Our Projects

The research projects conducted at Create Caribbean are interdisciplinary and multidisciplinary. Although the projects launched by the Research Institute will prioritize Caribbean history, literature and arts, Create Caribbean facilitates and provides partnerships and other support to the entire Dominica State College community in a wide range of disciplinary projects, including social sciences, agriculture,  health sciences and information technology.  Below is a list of projects designed and conducted by the staff of Create Caribbean Inc.

 Visualizing Caribbean Literature (VCL) is an interactive database of more than 3,000 literary works about the Caribbean experience or by writers identifying as Caribbean people. The database includes authors and titles that represents the diversity of the body of work that is Caribbean literature in language, genre, author country of origin and publication location and institution. The project also represents works in translation from the authors included in the visualizations. VCL is a student project, a capstone production of the Research, Technology and Community (RTC) Internship at Create Caribbean Research Institute.

Visualizing Caribbean Literature builds on existing work in Caribbean digital literary studies, including In the Same BoatsCaribbean Literary Heritage and the 2020 effort of The Caribbean Digital VII to create a database of Caribbean digital scholarship, collectively annotate the works of Aimé Césaire and produce a generative collection of keywords that inform the constellation of Caribbean Studies.

Create Caribbean is proud to be a partner on the Caribbean Cyclone Cartography | Surviving Storms project in conjunction with scholars from University of London at Goldsmiths, Mona Geoinformatics Institute and other institutions. The project, funded by the Global Climate Research Fund (GCRF), investigates the past, present and future of climate disasters in Dominica, with implications for the wider Caribbean. Create Caribbean interns are focused on the work package called The Dominica Story Project, which seeks to use visual ethnography and digital storytelling to document survivor stories about the 2017 Category 5 Hurricane Maria, which devastated the island. The goal is to gain insight through survivor narratives of Dominica’s vision of its future despite and because of the environmental and socioeconomic impacts of climate change on the vulnerable Caribbean. Interns are also engaged in archival research, focused on documenting the history of storms on the island from as early as the 19th century into the current moment.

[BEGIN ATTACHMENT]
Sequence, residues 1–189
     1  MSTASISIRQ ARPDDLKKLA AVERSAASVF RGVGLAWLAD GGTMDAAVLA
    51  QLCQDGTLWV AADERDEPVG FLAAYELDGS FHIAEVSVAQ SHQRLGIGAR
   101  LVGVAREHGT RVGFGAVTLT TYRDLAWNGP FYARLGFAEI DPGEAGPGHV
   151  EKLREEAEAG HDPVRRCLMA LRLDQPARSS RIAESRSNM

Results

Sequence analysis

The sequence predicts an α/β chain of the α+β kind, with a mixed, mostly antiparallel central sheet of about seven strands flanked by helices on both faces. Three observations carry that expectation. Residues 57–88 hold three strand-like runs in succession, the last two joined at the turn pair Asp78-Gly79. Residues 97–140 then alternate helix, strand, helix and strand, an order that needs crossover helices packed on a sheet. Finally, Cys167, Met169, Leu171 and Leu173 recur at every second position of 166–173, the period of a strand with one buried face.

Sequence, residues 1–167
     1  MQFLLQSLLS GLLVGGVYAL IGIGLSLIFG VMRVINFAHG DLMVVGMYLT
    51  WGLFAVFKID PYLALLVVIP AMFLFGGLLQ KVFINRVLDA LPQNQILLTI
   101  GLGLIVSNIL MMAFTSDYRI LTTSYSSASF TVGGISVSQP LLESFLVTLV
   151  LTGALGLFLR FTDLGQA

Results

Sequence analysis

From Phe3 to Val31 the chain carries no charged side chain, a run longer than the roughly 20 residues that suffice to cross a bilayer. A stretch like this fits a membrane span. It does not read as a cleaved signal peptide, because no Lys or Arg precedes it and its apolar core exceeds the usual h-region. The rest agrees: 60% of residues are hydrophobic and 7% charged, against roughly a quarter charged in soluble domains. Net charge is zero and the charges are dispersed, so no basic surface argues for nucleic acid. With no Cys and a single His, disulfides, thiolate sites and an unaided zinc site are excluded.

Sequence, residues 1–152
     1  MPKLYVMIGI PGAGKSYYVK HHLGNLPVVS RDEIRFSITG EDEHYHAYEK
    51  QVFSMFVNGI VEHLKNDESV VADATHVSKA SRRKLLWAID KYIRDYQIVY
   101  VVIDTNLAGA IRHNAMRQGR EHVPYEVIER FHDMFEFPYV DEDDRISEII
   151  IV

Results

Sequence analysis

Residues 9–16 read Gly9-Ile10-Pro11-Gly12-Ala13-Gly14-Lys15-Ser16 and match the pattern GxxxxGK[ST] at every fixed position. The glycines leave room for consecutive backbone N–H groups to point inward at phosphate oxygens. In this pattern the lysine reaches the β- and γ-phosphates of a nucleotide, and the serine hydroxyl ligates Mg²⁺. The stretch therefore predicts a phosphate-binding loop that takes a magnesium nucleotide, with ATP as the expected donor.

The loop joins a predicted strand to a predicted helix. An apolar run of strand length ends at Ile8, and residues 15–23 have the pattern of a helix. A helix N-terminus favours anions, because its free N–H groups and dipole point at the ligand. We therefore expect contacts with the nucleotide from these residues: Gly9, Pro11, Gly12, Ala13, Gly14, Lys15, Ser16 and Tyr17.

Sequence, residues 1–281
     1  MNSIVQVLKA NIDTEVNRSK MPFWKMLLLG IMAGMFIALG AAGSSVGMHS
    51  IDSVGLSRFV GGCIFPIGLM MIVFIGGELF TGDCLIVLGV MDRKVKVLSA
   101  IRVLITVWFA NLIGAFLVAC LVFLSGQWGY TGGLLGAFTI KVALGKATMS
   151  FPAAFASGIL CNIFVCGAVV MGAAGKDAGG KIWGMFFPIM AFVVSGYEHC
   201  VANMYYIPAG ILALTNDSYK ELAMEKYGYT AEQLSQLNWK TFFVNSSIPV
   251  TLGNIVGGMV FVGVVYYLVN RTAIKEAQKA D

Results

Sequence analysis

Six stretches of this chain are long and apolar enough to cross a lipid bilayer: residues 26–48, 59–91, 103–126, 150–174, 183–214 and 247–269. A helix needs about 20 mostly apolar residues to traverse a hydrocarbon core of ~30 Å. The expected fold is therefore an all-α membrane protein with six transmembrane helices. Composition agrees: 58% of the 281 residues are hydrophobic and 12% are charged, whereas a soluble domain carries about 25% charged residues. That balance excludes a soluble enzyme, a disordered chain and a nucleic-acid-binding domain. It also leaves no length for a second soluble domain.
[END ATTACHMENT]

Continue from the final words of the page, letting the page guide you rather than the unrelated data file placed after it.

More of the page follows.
Carisealand began as a  collaboration with Caribbean writer Oonya Kempadoo to develop a larger network of Caribbean writers, scholars, artists, scientists and environmental activists.

The project was created for research and centralized sharing of projects, data, art and works in progress within the Caribbean region. It is intended for the express purpose of collaborative knowledge sharing and inter-disciplinary exchange for sustainable development.

Over time, it has expanded to include both intellectual inquiry and narrative representation of the histories and possibilities of the Caribbean’s struggle with modernity through the discourses of nature and environment. At its core, the Carisealand project hopes to bring scholars, artists and activists to think through some challenging questions as highlighted on the project’s Home page. The ultimate work of the Carisealand project is to offer models for designing an alternate Caribbean future; a Caribbean that clarifies and streamlines what the UN Sustainable Goals have offered into three pillars: sustainable living, community accountability, and planetary responsibility.